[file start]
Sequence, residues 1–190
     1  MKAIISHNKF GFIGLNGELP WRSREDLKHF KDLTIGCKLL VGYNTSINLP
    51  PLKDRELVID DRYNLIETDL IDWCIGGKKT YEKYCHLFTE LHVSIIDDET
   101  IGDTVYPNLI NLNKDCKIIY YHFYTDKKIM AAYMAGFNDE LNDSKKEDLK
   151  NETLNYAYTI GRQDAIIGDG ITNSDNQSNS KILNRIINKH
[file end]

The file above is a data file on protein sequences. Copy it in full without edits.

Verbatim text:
Sequence, residues 1–190
     1  MKAIISHNKF GFIGLNGELP WRSREDLKHF KDLTIGCKLL VGYNTSINLP
    51  PLKDRELVID DRYNLIETDL IDWCIGGKKT YEKYCHLFTE LHVSIIDDET
   101  IGDTVYPNLI NLNKDCKIIY YHFYTDKKIM AAYMAGFNDE LNDSKKEDLK
   151  NETLNYAYTI GRQDAIIGDG ITNSDNQSNS KILNRIINKH